Pacaure Rain Forest in Costa Rica

Patrick MetzgerFavorite Destination1 Comment

Adventure is about doing things you would not normally do and pushing the boundaries of your comfort for that rush of excitement that comes along with the unknown.

My wife and I got married 8 years ago and we decided to take a trip to Costa Rica for our honeymoon. While by definition not an Overlanding trip, we spent 10 days seeking adventure in a country very different from the United State. When greeted with the countries saying “Pura Vida” (the pure life) you begin to understand that the principle of Overlanding is the lifestyle lived in this Central American country. Being a very modest country, tourism and exports are the primary source of revenue. You can also find a very diverse set of ecosystems in this country from the Pacific and Caribbean beaches, to the Manzanillo barrier reef, to the active Arenal volcano, to the lush Pacaure Rain Forest.

We planned many activities for our 10-day trip to Costa Rica including a visit to the Arenal Volcano, the Venado Caves, a hike to see Rio Celeste (a blue river), getting stranded in broken down tour van for 4 hours (unplanned 🙂 ), a hike to Cerro Chato which contains a secluded lagoon on the summit of a dormant volcano, a visit to some of the best hot springs in the world, white water rafting, horseback riding, zip lining, rappelling down waterfalls, and a visit to the bustling town of San Jose, but my favorite portion of this trip was the 2 days we spent in the Pacaure Rain Forest. Rated as one of the World’s 24 Top Ecolodges by National Geographic, this lodge can be accessed by a 5-mile white water river raft through Costa Rica’s most mesmerizing rainforest. This lodge has no electricity except for the kitchen where they cook gourmet quality food. They also offer many activities for you to do during your stay, but to even get to the lodge, you first have to raft through the rugged canyons and tropical rain forest on class III and class IV rapids. We spent an afternoon zip lining through the canopy from tree top to tree top and we enjoyed a leisure horseback ride into the local town of Bajo del Tigre, the small town where most of the employees of the lodge are recruited. Here we enjoyed a small home cooked meal and learned more about the modest culture. Even though the lodge included many of the luxuries that you might find in an Ecolodge in the US, travelling into the small local town makes you realize that the people of Costa Rica really do live the Pura Vida lifestyle. While there we also made a few friends including a couple from Canada, a girl that was visiting from South Africa, and Cholo Frias a local who lead most of our activities. Costa Rica is home to, in my opinion, the best coffee in the world, and we started our day off with a cup of Café Britt coffee and a meal with a side of fried plantains every day during our visit.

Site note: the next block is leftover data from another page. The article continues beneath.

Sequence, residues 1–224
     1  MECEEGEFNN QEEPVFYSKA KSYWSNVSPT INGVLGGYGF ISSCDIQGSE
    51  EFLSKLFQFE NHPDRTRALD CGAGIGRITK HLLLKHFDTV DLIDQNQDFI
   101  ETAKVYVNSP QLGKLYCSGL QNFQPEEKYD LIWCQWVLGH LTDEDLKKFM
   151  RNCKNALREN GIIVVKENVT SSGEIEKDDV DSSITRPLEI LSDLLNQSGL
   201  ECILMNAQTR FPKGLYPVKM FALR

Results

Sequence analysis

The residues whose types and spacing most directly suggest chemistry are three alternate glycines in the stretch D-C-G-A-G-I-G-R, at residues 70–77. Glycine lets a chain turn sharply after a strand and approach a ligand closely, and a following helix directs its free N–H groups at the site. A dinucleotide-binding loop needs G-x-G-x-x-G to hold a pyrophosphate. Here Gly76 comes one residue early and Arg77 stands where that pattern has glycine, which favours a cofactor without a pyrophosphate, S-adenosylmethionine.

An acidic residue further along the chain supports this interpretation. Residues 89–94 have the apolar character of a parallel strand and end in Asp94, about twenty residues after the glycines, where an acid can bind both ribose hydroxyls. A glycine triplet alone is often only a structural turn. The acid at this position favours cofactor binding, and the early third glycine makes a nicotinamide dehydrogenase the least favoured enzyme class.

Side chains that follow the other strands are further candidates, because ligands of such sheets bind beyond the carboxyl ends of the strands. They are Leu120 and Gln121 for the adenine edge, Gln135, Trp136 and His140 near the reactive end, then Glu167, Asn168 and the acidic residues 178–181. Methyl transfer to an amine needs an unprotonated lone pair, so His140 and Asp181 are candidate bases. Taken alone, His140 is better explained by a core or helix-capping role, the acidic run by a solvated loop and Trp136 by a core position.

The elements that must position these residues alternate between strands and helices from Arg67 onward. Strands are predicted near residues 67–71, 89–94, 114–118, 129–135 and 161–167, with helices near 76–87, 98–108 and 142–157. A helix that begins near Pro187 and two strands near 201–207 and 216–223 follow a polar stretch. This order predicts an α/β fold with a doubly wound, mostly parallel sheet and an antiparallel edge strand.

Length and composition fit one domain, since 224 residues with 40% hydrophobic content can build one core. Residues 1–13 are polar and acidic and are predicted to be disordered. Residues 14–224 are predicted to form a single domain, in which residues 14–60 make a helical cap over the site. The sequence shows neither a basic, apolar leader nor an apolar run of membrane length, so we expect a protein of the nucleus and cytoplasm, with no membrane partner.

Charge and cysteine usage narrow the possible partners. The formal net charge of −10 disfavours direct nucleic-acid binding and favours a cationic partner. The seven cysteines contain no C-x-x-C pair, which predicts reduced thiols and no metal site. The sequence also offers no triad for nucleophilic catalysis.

Our honeymoon cottage was situated at the top of the hill and included a bridge into the canopy. This was an open air cottage with a private pool and open air shower, but because there was no electricity the pool and the shower water were relatively cool. There was however a solar still that collected the water from the mountain and during the day allowed the sun to add a small amount of heat rendering the water a cool room temperature by the late afternoon. After a thorough search for spiders, we fell asleep to the sounds of monkeys howling in the distance. While I thought this lodge was the coolest thing ever, my wife was not the most comfortable she had ever been, but enjoyed the experience and culture of the visit.

After 2 nights in cool shower, minimal light, and fun rainforest festivities, we left this lodge with a better sense of appreciation for the luxuries we have at home. Would I visit again? Absolutely. The journey out was twice as good as the trip in because we had to raft 13 more miles down the river to get back to civilization.

To me overlanding is about adventure and the opportunity to gain a sense of culture and experience through travel. This 10-day trip was and continues to be the most concentrated dose of ethos I have ever experienced. I look forward to my next opportunity to travel abroad, but in the meant time there is a lot of places to visit and things to experience in the United States.

One Comment on “Pacaure Rain Forest in Costa Rica”

  1. M. Maldonado

    Wow!!! That sounds like tons of fun. We were recently looking into a family trip to Costa Rica so, this article couldn’t have come at a better time. Thank you for sharing. We’re just getting into overlanding so planing trips have really taken a whole new turn for us. Looking forward to this year. Travel is the only thing on our list to do.?

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